Many market watchers think now is the right time to invest in small and mid-cap mutual funds. According to data released by the Association of Mutual Funds in India, the mid-cap fund category rose from Rs.491 crore in April to Rs.1272.68 crore in May. Whereas, the small-cap mutual fund category hiked from Rs.955.83 crore in April to Rs.1415.86 crore in May. Experts also believe that due to the one-year forward price-to-earnings ratio below the historical averages, the valuations in small-cap and mid-cap segments have become more appealing for investors.
Choosing small-cap and mid-cap funds with growth opportunities
New opportunities in both these mutual fund segments seem to be emerging as an increasing number of fund managers are accepting fresh flows. However, they are still restricting the amount through Systematic Investment Plans (SIP) which hints that investors need to exercise caution when they invest in mutual funds.
A popular choice for investors
When you look at the historical performance of both the mutual fund segments in a bullish market, they have outperformed the larger sector by a significant margin. For example, the average returns from the top five funds in the small-cap category were 45% higher than the large-cap category in the bull market of 2017. Over the five-year and seven-year investment horizons too, the large-cap segment has lost to the small-cap and mid-cap segments in terms of returns.
The best environment for investing
Mutual fund investment in small-cap and mid-cap segments have a higher probability of performing well during the economic recovery phase when interest rates are low. During this phase there are more growth opportunities and the smaller size of these segments makes them more responsive. Even during sluggish periods, the small-cap and mid-cap segments are known to bounce back quickly. If you are a long-term investor, you can continue with SIP investments and Systematic Transfer Plans to invest in small-cap mutual funds.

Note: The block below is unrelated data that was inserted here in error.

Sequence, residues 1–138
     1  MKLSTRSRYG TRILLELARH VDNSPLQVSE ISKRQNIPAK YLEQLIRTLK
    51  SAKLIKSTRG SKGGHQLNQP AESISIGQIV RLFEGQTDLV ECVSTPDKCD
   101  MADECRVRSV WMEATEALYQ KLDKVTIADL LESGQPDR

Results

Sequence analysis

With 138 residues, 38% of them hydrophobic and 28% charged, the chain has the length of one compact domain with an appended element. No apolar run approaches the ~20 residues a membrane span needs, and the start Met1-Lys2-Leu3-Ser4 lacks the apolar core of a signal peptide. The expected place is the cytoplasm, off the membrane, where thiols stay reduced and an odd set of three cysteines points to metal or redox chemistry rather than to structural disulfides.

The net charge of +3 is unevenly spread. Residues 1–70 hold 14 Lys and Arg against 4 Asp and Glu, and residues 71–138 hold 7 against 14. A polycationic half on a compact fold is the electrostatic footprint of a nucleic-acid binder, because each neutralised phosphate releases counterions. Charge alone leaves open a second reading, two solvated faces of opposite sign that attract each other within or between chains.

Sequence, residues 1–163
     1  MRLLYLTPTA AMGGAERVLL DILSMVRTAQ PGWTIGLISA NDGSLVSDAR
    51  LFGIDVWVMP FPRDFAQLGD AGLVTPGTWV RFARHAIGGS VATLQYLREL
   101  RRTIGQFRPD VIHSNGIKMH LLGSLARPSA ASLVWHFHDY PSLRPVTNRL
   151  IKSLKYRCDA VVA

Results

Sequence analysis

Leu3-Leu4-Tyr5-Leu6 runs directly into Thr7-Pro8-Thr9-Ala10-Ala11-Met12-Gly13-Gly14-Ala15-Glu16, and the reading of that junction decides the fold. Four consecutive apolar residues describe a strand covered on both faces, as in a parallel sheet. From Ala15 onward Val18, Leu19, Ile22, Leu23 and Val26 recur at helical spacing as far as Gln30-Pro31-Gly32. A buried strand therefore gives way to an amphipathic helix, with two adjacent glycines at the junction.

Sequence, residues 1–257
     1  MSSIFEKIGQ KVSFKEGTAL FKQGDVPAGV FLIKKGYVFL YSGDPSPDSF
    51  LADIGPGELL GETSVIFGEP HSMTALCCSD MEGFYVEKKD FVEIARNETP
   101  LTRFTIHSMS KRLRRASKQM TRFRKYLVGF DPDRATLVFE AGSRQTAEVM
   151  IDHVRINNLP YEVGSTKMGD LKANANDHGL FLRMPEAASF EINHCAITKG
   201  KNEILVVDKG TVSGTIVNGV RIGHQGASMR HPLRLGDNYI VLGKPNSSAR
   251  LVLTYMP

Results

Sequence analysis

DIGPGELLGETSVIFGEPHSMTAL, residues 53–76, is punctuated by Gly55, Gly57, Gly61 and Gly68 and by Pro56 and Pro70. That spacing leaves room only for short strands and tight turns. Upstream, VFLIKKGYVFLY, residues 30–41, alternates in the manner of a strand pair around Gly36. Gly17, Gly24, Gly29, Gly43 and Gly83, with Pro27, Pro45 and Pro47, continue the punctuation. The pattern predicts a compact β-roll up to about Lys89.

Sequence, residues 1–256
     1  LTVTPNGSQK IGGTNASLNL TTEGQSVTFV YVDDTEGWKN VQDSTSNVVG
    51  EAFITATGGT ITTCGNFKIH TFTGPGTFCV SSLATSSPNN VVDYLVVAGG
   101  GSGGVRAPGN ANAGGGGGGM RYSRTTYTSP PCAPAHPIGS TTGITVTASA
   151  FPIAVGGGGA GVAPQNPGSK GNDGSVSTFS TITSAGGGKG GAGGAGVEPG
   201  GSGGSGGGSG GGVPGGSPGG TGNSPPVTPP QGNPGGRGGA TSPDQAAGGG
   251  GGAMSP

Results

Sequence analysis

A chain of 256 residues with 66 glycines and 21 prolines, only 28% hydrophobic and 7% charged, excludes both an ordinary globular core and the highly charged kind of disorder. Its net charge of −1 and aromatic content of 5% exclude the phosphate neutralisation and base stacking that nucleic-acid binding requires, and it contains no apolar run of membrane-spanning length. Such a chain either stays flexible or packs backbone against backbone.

However, it is essential to note that small-cap funds carry a higher risk rate as compared to mid-cap funds and large-cap funds to commensurate with the higher returns. Thus, if you are planning for mutual fund investment in that segment, having a longer time frame of seven to ten years can make sense. Investing at different points in the market cycle lets you enjoy the benefit of rupee cost averaging and gives your investment time to grow. Furthermore, some experts recommend investing not more than 2% to 3% in small-cap funds and 5% in mid-cap funds for a balanced portfolio.
If you are a new investor, you can start by understanding what is a mutual fund and how do SIPs in mutual fund work. Once you know how to invest in SIP, you can invest in small and mid-cap mutual funds based on your risk appetite. A good time to start investing is when the economy begins to emerge from recession, and there are plenty of growth opportunities to exploit.